Heather:  Absolutely.  What I relate to absolutely is the basic premise for the 5 - that is sometimes talked about in some of these books - that the world is invasive and intrusive and, if I let the world in, it will overwhelm me.  5's have a reputation of being very calm and not showing their feelings and all the rest of it.  But, there are some suggestions that in fact 5's feel, well we do feel things intensely, but that is quite frightening and I think that's what you were referring to (Angelina) and therefore to save myself being overwhelmed by my feelings, I lock myself into my fortress from where I can look out onto the world and my fortress is a lighthouse.  I am up here (head) and I can see everything that is going on in the world, but you can't get to me unless you can get the door open downstairs, and then you have got a lot of stairs to come up. 

So here we are in our fortress and it's actually very scary to let people in.  Because we are not quite sure what will happen, if other people's energy invades us.  So one of the concerns of type 5 is always to manage my energy and this is the thing that I recognise about going to parties.  It took me until I was into my 20's to understand why, after an hour at a party, I would always end up in the loo.  There is nothing wrong with my bladder, but it was the only place I could go just to be alone and it wasn't consciously touching base with my own energy, it was just not touching base with all this energy that was going on outside.  I just needed to be alone for a bit and then I could go and socialise again.  Because my energy, my space had been invaded... You are nodding there, is that true for you? (nods to Angelina and Kilian)

Kilian:  Yes, both in relationships and social environments I can find my energies get depleted quite quickly unless I carefully manage it.  That could be just the simple route of going to get a drink and then having space there on my own to recollect my thoughts, to recollect where I am and then go back into the fray so to speak, and re-engage with everybody and all my friends.  Socialising is a constant balancing act. 

Iain:  Well actually, it sounds quite intelligent in one way, in so far as, when you socialise you want to maximise it, you want to use that space for socialising and if you are feeling tired or not feeling like it, you don't do it.  There is some sense, some intelligence in that.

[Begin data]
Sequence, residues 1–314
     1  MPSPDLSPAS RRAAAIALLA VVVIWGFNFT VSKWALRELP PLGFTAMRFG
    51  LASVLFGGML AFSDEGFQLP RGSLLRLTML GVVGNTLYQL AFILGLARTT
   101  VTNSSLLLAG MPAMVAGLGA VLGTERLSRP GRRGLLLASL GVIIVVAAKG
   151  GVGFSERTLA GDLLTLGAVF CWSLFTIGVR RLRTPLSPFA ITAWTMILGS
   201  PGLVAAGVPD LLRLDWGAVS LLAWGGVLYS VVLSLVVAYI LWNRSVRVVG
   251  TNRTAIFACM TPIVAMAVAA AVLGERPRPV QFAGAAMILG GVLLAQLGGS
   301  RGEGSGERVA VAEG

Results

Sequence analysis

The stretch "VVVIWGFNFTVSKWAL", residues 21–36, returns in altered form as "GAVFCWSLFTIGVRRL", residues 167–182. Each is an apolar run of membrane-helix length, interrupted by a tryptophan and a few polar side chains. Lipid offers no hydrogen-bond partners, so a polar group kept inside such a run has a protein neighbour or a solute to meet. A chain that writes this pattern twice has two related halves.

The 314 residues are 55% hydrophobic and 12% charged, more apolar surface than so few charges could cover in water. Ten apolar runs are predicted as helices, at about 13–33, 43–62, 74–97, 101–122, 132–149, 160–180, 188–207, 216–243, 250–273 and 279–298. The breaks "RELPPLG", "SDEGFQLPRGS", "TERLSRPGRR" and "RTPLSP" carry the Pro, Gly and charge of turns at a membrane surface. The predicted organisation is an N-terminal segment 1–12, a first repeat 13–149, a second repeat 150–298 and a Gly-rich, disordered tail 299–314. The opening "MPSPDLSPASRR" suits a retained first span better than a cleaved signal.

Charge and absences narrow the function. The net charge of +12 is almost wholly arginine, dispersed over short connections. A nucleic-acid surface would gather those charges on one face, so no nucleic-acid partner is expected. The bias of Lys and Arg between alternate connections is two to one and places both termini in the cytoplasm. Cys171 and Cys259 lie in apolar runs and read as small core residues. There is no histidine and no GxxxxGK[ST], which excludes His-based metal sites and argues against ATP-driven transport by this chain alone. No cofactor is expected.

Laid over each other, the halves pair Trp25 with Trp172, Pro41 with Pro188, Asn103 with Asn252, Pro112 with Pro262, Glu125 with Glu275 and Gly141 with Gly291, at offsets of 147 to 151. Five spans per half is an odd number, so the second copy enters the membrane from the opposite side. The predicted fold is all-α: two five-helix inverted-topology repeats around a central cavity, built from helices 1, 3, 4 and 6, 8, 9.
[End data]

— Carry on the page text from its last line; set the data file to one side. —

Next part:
Kilian:  Yes, I think with 5's there definitely becomes the realisation that the more withdrawn you get, you actually do need to go out and reconnect with people.  We are not so caught up in our thoughts that we won't go out and socialise as such.  There is a drive and that is something I have noticed.  When I am caught up in books, or in doing something, when I have been incredibly focused and blot out everything else apart from what I am doing, then I realise... actually I do need to reconnect with everything else. 

Iain:  I’ve made some notes from some of these books just so anybody that is watching who thinks they may be a type 5 but is not sure, these are some more clues.  So the first one is: observing or reading, rather than doing, which you have kind of covered… (continues reading). Hard to express feelings in the moment.  Is this something you would...? You have hinted at it and confirmed that.

Heather:  Yes, I think that is certainly true for me.  I am much more likely to know what I felt about something, after the event.  I need to go back and be on my own and then I can let the feelings come to me and also I will analyse, and this is not something I do consciously; I can't stop myself doing it.  I will find myself analysing what has just gone on and then I will have a sense of what I feel about it.  I am very often not in touch with my feelings at the moment at which it happens, unless something really socks me in the face and I think this is what, I as a 5, am scared of.  Sometimes things do sock me in the face and they knock me totally off balance and so there is this feeling of either I am in control, or I am totally vulnerable.  That's one of the reasons why, I think, 5's tend to protect themselves so much when they are in a social space because it's this feeling of either all, or nothing.  I am either protected and in control, or I am utterly at your mercy and that is not a comfortable place to be except with somebody that you are really happy with.  I don't know if that is true for you, or not so much.  That feeling of not knowing what you are feeling in the moment (looking towards Angelina and Kilian).

Angelina:  Quite a lot of time I have to go off and reflect on something and then I will go (frowns), "Hold on a minute that really made me angry", but I wouldn't have been aware of it at the time.  But, there are other times when you have to go into situations, like funerals.  I will cry more than anyone else at any one's funeral even if I don't know them.  I will just be absolutely overwhelmed by crying, I am quite famous for it (laughs).  But, it's really uncomfortable and I just have to let it go because I can't do anything else about it.  Most of the time I would keep away from things that have that intensity.

Iain:  OK, just going down this list I made: get's lost in interests (group nodding).  Tries to conceal sensitivity to criticism (group is thinking with no comment, Iain looks around the group) …not sure about that one.

Heather:  I don't know that we are any more, or less sensitive to criticism than anybody else.  I think doesn't everyone take criticism personally?  Although probably I wouldn't react in the moment.